My dissertation research demonstrated that climate-dependent chemical weathering can influence the patterns of river erosion at the scale of landscapes (Murphy et al., Nature, 2016). Inspired by my previous field observations of rock mechanics, I began to explore the interactions of weathering and fluvial abrasion at a smaller spatial scale: individual topographic roughness features along streambeds.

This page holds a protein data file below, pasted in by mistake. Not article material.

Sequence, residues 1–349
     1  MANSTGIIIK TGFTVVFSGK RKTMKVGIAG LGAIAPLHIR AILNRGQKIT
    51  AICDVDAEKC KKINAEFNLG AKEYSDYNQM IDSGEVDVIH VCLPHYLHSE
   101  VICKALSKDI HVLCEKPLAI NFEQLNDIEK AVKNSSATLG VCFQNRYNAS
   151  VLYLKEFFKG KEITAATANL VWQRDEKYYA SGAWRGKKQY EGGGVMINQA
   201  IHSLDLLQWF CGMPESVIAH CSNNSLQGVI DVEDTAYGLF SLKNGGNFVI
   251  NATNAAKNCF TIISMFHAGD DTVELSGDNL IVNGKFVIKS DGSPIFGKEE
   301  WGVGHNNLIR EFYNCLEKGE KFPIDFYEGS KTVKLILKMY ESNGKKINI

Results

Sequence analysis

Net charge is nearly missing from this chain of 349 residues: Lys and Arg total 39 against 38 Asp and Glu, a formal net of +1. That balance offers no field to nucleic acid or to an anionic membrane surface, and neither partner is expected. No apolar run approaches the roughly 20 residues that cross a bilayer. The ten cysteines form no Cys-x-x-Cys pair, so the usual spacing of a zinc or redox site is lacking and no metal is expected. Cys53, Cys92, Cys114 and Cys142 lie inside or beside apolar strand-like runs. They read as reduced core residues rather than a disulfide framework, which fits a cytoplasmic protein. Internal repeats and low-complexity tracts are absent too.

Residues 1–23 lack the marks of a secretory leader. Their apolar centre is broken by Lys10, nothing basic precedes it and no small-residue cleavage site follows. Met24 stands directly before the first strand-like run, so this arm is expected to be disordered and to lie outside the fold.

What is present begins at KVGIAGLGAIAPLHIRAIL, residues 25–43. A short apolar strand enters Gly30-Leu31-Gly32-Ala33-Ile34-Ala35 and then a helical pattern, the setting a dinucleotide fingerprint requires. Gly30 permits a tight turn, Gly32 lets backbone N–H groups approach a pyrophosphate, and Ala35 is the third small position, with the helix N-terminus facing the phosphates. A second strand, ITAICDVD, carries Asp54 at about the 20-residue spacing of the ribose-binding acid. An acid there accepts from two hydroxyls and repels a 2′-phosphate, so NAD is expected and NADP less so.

This research demonstrated that weathering of bedrock exposed in ephemeral rivers can drive systematic spatial variations in erodibility across streambeds (Murphy et al., Geology, 2018). Due to the combination of weathering and bedload abrasion, I found that upstream-oriented faces exhibited a stronger mechanical strength than downstream faces in the same reach. Previous work on morphodynamics in bedrock channels (i.e., the interactions of streamflow, sediment transport, and topography) has assumed there is uniform erodibility along streambed reaches. This assumption does not hold in all rivers, and given the implication for the evolution of bedorck rivers, I am continuing to explore the interactions of weathering and abrasion.